1 hour ago
Wednesday, 9 July 2014
1718 - Amazon....
Amazon's customer profiling always makes me laugh when the manage to send me a link to one of my own books...!!! Please note that this will be for the paperback edition. In fact, it looks like Amazon won't be getting the hardback at all, as I can't find it listed there. The special pre-order discount offer running on the Quilt Museum's website is for the hardback, which is a more limited edition, so if you want a hardback, order now. There will only be hardbacks available from the first edition, which is coming out simultaneously in hardback as well as paperback, and the hardbacks are usually never reprinted.
I read the following article in the Guardian yesterday - Author's incomes collapse to abject levels
I left a comment -
"I'm a non fiction author. One of the problems with income from royalties is that the retail price of books, and therefore publisher's receipts of which royalties are typically a 10% share, have scarcely risen in twelve years. The cover price of my first book was £17.99 in 2003 and the cover price of my next one, scheduled for August 2014, is £19.99. You hardly need to bother with the maths to see how the cost of living has risen during the last eleven years and the spending power of the £ decreased, making royalties from a sale today worth significantly less than a decade ago. Factor in the bulk discounts available to the big retailers compared with the smaller discounts traditionally available to smaller bookshops (25 - 40% typically, depending on wholesaler) and when the likes of Amazon are dominating online sales, it is easy to see how authors are receiving less and less. In proportion to income, the cost of a full colour hardback book has fallen dramatically in the last thirty years and the public expect books to be cheaper than ever.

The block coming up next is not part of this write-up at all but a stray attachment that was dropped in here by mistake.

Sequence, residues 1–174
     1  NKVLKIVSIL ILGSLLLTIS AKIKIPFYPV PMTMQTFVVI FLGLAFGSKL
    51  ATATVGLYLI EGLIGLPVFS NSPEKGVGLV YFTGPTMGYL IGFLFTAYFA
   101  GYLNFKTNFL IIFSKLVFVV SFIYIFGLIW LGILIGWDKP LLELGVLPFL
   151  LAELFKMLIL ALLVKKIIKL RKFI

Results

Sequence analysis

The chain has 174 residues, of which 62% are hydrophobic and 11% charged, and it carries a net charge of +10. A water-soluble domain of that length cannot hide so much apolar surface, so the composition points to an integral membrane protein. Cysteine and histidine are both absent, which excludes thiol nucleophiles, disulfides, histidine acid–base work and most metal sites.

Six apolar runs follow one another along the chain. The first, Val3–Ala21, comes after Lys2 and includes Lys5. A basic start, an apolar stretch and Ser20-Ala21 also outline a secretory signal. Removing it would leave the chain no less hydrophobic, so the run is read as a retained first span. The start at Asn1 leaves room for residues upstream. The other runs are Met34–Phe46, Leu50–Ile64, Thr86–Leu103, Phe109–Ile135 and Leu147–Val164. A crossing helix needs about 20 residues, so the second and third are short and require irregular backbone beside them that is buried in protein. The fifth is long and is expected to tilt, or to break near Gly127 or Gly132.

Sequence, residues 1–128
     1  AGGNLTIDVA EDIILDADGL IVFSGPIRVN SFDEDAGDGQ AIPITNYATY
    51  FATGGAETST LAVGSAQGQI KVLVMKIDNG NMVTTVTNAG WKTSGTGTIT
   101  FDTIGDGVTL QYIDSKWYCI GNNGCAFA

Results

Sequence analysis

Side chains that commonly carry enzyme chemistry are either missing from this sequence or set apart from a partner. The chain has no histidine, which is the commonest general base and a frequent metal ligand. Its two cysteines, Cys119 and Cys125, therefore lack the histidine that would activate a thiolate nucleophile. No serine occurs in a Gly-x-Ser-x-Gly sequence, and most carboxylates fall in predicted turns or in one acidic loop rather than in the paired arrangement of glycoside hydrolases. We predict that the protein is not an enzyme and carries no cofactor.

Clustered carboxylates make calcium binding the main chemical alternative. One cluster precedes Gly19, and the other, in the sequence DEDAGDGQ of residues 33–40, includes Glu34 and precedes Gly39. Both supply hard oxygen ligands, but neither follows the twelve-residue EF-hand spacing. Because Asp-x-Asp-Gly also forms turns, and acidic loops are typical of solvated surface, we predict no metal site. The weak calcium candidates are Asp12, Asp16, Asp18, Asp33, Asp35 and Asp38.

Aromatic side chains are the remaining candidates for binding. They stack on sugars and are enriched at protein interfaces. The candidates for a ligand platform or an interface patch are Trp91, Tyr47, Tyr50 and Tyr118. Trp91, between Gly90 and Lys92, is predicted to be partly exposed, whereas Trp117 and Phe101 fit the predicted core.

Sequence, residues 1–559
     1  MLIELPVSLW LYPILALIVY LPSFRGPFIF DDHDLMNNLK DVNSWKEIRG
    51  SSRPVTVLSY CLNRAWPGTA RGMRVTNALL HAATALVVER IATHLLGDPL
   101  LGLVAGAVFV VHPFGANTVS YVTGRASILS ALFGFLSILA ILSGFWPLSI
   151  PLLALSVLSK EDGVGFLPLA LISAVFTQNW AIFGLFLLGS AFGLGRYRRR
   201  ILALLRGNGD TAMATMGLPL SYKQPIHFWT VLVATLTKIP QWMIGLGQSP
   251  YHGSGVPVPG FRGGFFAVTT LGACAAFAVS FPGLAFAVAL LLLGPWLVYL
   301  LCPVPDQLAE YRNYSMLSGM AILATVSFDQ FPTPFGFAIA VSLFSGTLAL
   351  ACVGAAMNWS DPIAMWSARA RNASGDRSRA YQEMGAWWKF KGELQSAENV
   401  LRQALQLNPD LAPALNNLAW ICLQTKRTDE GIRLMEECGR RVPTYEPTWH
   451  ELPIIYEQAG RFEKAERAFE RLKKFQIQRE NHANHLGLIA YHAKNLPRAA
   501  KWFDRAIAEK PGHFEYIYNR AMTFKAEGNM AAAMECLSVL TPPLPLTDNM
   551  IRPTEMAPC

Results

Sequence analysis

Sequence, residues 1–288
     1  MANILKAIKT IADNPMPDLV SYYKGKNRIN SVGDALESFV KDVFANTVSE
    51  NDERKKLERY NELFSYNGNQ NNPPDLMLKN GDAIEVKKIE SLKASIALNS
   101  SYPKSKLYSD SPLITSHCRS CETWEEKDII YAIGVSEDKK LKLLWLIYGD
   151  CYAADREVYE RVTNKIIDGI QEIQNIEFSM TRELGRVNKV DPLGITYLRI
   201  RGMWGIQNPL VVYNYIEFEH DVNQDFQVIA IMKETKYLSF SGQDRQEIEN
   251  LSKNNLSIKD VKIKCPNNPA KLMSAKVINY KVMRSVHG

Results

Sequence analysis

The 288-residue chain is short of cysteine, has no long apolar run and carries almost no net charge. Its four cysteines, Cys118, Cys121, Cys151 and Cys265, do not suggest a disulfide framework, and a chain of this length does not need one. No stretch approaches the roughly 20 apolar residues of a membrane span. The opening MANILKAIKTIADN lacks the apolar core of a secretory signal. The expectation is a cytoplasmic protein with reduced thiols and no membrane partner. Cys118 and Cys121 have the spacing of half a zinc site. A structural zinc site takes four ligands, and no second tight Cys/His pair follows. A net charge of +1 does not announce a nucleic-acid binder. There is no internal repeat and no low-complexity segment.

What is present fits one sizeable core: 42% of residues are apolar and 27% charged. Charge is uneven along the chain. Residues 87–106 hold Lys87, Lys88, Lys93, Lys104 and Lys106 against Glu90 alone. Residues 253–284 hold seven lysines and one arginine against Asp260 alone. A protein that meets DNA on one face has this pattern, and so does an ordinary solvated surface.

"To make £50 - 70k writing commercial fiction at a 10% of publisher's receipts royalty rate, as mentioned by another commentator, your publisher's receipts must be at least half a million a year from your titles, which means the retail value of your books is around a million GBP. If the average price of a paperback novel is £10, that's 100,000 books sold a year, which is very good going for fiction."
The first paragraph also explains why authors make much more if you buy a book from them personally, say at a quilt show - they get the bookseller's discount, which is worth far more per copy than royalties.
The 1718 was written to help raise funds for the Quilters' Guild and the Quilt Museum, so if you buy your copy from the Museum or the Guild, you'll help fund raise even more, because they will get the bookseller's discount as well as the royalties on the book.
My first full-time job was in a bookshop in the 1980s, which is one reason I have a good overview of book pricing from then to now! I worked in Galloways, Aberystwyth's university bookshop - a big independent bookshop, with three floors of books and stationery and a second hand/antiquarian department next door. The kind of bookshop that is rarely seen nowadays. It closed several years ago.